Cheapest vs morexpen$ive gasolines?

Costco vs Conoco vs Shell vs Sinclair (Bradley) gasolines

Is there any meaningful difference between the various brands?

One of our volunteers says we should pay the extra 10 cents/gallon for Shell or Conoco rather than using the cheaper Bradley Sinclair gasoline in the 2008 Expedition or 2009 Toyota Camry Hybrid emergency medical transport vehicles.

Is it worthextra cost?

(We don’t knowhat brands Costo or grocery stores sell.)

Thank you.


Generally there is very little difference. The basic fuel comes from the same sources no matter what the brand name is on the pump. The difference is mostly in the additives added. Often the tanker delivers the same fuel to different brand stations, but he may be adding a different additive package.

Often the difference in price does not mean any difference in the product or it's quality. 

In short there is seldom a meaningful difference. 

The one factor you can easily confirm is the octane rating and that should be posted on the pump.  The problem is that higher octane does not help anything as long as whatever fuel you do use equals or greater than recommended by the manufacturer of your car. 

 Now is that about as clear as mud?  

 BTW often the same truck delivers to different brands.  Costco in one city  may be buying their fuel from Shell this week and Golf next week, and different supplies in another city.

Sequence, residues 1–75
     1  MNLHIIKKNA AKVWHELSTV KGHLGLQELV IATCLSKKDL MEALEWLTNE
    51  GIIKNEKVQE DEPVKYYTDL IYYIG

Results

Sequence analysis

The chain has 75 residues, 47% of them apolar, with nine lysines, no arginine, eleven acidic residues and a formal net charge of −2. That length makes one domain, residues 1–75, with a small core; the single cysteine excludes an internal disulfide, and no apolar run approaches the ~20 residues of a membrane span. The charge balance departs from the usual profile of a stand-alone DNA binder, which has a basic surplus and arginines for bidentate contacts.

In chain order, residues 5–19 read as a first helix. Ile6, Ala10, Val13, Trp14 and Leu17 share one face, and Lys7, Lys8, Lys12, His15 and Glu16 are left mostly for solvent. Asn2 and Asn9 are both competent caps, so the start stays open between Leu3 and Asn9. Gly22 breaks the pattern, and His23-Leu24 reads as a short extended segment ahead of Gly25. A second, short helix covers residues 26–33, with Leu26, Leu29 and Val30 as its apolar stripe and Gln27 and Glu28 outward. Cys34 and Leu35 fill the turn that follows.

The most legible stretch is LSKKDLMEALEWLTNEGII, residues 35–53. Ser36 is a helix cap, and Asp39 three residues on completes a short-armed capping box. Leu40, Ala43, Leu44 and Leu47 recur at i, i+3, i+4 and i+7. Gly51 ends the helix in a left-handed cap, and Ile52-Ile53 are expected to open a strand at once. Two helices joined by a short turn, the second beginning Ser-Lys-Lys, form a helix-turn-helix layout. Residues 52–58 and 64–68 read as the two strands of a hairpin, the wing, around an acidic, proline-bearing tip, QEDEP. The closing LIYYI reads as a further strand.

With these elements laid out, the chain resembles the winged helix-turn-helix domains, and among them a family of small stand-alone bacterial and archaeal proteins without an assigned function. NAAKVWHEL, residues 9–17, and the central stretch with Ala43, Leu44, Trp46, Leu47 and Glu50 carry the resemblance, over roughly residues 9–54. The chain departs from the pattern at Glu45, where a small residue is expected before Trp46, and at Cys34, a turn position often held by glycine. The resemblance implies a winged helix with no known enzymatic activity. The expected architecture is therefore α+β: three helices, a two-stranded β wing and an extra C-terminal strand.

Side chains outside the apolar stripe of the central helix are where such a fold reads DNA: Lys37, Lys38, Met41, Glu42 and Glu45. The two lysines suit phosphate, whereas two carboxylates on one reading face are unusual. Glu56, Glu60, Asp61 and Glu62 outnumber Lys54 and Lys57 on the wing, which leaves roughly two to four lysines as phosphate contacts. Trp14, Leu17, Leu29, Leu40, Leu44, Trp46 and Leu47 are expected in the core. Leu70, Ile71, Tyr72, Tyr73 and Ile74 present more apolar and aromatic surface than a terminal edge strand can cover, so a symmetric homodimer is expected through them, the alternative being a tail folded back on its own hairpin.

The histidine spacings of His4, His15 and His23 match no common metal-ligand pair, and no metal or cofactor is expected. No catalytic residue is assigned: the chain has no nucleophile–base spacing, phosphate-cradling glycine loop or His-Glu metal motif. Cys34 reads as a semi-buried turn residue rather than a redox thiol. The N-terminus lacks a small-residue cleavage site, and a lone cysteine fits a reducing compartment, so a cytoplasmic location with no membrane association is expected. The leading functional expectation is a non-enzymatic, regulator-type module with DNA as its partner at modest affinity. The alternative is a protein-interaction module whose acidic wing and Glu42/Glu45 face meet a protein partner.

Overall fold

Gasoline is gasoline. Brand does not matter. As long as you buy the correct octane it makes no difference where you fill up.

You might want to look at just to further muddy the waters.

I am a Bottom Tier kinda guy.

Why isn’t everyone “Top Tier”?
Are additives expensivenough that some companies do not purchase them?

Due to our altitude, 5,200 feet, we use 85 Octane even though the manual calls for 87 Octane.

The difference is in the profit margin not the supplier which is generally the same. Gasoline is fungible and runs through the same distribution pipelines to the local and regional distribution centers. If there is a difference it would be at the pumps and how well stored gas and the pumps are maintained from there which is tightly regulated regulated. Even your heating oil runs through the very same pipeline with separators between it and other fuels. It’s convenient and more profitable for all esp. automakers who know consistent fuel additives in every area of the country.

I’ve been putting Sinclair gas in my BMWs, Mercedes and Audis for years. Sinclair Oil is one of the oldest oil companies in the US – started in 1916. They own oil fields, production facilities, pipelines, distribution and gas stations. The Bradley Sinclair stations here in Denver have some of the lowest gas prices in town, and never a quality issue. As others have mentioned, there is very little difference between brands of fuel. They market their additives under different brand names but they all do the same thing.

One of my first memories of a gas company is playing with an inflateable ‘Dino the Dinosaur’ from the neighborhood Sinclair station. Sinclair has gone through lots of changes, at one point it was bought out by what became the Atlantic Richfield Company (ARCO). That company is no more, having been absorbed by BP and CononcoPhillips. The ARCO stations on the west coast are owned by BP, I think, while Sinclair is now a separate refining and gas marketing company, with a small oil/natural gas production group.

As to the original question, I buy Top Tier gas at a ‘Quick Trip’ station because it is close and no more expensive than elsewhere. I guess I would pay a nickel a gallon more to get the assured level of gas detergents in TT gas over cheapest unbranded gas.

No contest. The expensive gasolines cost more.